There are many reasons businesses fall behind on paying their federal tax liabilities. Falling behind on certain kinds of taxes, sometimes called “trust fund” taxes, may result in the IRS assessing those taxes against the business owners, officers, or other individuals the IRS considers to be “responsible” for ensuring the payment of those taxes.
Federal trust fund taxes include social security taxes, railroad retirement taxes, or collected excise taxes. These IRS labels these taxes as trust fund taxes because these kinds of taxes are taxes that the business holds, from their employees’ wages, in “trust” to pay over to the IRS on the employees’ behalf.
When a business fails to pay these kinds of trust fund taxes, the IRS may assess a “trust fund recovery penalty” (TFRP) against certain individuals to try to collect the tax from those individuals.
The penalty is computed based on the unpaid income taxes withheld plus the employee’s portion of the withheld FICA taxes. For collected taxes, the penalty is based on the unpaid amount of collected excise taxes.
Two factors must be present for the IRS to assess the TFRP: (1) the individual must be a “responsible person” and (2) the individual must “willfully” fail to collect or pay the taxes.
The IRS may determine that more than one person qualifies as a responsible person. If multiple individuals are assessed the TFRP, these individuals are considered jointly and separately liable for the taxes.
A responsible person is a person who has the duty to perform and the power to direct the collecting, accounting, and paying of trust fund taxes. Individuals who may fall into this category include:
- An officer or an employee of a corporation,
- A member or employee of a partnership,
- A corporate director or shareholder,
- A member of a board of trustees of a nonprofit organization,
- Another person with authority and control over funds to direct their disbursement,
- Another corporation or third party payer,
- Payroll Service Providers (PSP) or responsible parties within a PSP
- Professional Employer Organizations (PEO) or responsible parties within a PEO, or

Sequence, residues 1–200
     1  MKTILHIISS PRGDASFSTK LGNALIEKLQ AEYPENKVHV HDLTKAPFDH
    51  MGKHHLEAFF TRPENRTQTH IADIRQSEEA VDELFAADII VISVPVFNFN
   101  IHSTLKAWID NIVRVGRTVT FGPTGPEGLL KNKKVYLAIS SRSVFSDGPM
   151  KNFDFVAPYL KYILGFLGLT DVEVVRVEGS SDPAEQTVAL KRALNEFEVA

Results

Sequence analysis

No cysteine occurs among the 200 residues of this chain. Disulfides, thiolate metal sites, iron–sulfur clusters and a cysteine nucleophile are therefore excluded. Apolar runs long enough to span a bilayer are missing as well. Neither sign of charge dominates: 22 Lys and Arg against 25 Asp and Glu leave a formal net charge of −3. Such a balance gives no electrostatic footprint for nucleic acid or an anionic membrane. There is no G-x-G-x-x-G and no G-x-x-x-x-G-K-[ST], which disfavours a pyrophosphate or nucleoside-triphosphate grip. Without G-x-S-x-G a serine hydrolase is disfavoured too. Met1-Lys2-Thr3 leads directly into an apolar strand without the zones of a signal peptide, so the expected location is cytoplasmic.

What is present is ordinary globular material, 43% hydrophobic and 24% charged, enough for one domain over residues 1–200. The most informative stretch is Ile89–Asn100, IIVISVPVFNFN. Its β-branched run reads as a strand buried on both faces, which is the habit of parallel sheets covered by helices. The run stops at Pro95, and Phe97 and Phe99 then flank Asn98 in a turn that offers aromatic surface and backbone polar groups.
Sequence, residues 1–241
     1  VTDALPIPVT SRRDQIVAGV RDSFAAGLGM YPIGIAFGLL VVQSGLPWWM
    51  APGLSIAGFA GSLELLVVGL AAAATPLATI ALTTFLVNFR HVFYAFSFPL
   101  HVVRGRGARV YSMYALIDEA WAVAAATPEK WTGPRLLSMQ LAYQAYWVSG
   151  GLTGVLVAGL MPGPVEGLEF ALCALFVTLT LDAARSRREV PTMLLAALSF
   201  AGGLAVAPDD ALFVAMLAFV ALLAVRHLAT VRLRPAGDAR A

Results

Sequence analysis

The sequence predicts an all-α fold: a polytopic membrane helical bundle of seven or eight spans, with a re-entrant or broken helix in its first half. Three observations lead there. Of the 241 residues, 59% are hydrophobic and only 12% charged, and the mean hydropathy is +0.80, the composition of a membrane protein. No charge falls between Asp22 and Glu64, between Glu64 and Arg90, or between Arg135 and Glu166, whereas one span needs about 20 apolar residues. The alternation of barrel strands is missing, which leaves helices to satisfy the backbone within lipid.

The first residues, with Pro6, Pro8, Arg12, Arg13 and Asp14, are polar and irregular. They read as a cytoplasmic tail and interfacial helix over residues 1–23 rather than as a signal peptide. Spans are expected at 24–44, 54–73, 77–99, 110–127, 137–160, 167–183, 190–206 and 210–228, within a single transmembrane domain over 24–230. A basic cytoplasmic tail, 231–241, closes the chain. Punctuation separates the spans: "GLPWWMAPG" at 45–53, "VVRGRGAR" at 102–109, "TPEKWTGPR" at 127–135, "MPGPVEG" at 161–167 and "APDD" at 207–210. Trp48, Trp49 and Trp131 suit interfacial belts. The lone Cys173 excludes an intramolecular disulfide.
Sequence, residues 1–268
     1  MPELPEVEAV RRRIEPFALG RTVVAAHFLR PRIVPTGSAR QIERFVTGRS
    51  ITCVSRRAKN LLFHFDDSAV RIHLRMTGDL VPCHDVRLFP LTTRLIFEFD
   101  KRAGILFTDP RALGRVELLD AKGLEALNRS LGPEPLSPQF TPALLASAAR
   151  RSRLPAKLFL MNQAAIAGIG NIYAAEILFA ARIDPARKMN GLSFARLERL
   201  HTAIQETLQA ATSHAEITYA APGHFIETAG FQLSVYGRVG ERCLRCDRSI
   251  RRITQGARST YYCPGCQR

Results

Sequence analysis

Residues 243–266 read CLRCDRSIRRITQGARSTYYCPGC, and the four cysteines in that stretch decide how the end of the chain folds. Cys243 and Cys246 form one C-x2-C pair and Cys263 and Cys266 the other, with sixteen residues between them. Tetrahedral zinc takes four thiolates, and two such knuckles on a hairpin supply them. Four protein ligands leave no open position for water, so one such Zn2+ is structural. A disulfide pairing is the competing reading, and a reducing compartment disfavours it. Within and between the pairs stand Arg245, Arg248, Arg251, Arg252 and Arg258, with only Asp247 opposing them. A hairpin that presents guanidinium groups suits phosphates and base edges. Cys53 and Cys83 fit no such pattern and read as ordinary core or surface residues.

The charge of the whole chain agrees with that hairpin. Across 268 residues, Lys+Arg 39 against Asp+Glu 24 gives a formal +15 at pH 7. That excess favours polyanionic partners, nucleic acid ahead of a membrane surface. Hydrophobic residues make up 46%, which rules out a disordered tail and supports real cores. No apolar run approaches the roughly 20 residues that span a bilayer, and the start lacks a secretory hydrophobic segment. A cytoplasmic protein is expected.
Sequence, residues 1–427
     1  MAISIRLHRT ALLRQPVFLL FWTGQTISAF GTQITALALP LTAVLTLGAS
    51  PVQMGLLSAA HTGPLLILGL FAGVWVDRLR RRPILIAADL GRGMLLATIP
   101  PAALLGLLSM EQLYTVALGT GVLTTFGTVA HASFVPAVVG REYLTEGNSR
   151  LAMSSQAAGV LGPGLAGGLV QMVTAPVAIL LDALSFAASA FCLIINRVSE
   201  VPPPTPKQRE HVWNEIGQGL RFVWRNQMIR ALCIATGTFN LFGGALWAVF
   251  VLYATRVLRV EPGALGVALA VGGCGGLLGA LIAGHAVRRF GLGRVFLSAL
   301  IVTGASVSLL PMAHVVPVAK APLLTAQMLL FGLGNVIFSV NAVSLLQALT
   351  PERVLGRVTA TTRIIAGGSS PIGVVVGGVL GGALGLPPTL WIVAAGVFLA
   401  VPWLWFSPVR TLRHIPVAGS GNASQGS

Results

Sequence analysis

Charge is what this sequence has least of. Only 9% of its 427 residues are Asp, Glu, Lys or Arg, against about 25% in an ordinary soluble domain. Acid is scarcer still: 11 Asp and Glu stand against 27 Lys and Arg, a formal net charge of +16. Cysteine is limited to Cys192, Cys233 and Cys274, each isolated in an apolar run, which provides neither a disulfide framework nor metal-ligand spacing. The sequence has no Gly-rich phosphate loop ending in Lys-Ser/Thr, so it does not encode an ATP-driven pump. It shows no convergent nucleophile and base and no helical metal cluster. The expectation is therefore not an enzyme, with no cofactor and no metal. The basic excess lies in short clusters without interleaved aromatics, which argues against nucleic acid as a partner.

- Responsible parties within the common law employer (client of PSP/PEO).
For willfulness to exist, the responsible person:
- Must have been, or should have been, aware of the outstanding taxes and
- Either intentionally disregarded the law or was plainly indifferent to its requirements (no evil intent or bad motive is required).
The IRS considers the use of available funds to pay other creditors when the business is unable to pay the employment taxes as an indication of willfulness.
Both of these factors must be present for the IRS to assess the TFRP.
If the IRS determines that you are liable for the TFRP, the IRS will mail you a letter stating that it intends to assess the TFRP against you. You have 60 days (75 days if this letter is addressed to you outside the United States) from the date of this letter to appeal the proposed TFRP assessment. (See Publication 5, Your Appeal Rights and How to Prepare a Protest if You Don’t Agree for information regarding the IRS’s appeals process).
If you do not timely respond to the IRS’s letter proposing to assess the TFRP, the IRS will assess the penalty against you and send you a Notice and Demand for Payment. If you do not full-pay the TFRP, the IRS may take enforced collection action against you, including issuing a notice of federal tax lien against your home or other property, taking levy action against your personal assets, including bank accounts, retirement or investment accounts, or wages, or taking foreclosure action against your real property.
If you miss your opportunity to timely appeal the TFRP, there are ways to try to fight the assessment and show the IRS it should not have assessed the TFRP, including submission of an Offer in Compromise (OIC), Doubt as to Liability.
Doubt as to liability exists when there is a dispute as to whether the amount of the tax debt owed is correct or whether the IRS lawfully assessed the tax against the individual. The taxpayer must submit the proper forms to the IRS and provide information and documentation to support their position to demonstrate that they were not an individual responsible for withholding or paying the taxes and/or they did not willfully fail to withhold or pay the taxes. If the individual can show the IRS that they should not have been assessed the TFRP, the IRS may withdraw its TFRP assessments against the individual.
The IRS generally must stop levy action against the individual after the IRS receives the individual’s OIC, Doubt as to Liability, and withhold levy action until it makes its determination regarding the OIC, Doubt as to Liability.
Individuals may benefit from the assistance of an experienced tax attorney in appealing a proposed TFRP assessment or submitting an OIC, Doubt as to Liability. If you need assistance with these matters, please feel free to contact the attorneys at our firm to discuss resolution of your case through the appeals or OIC process.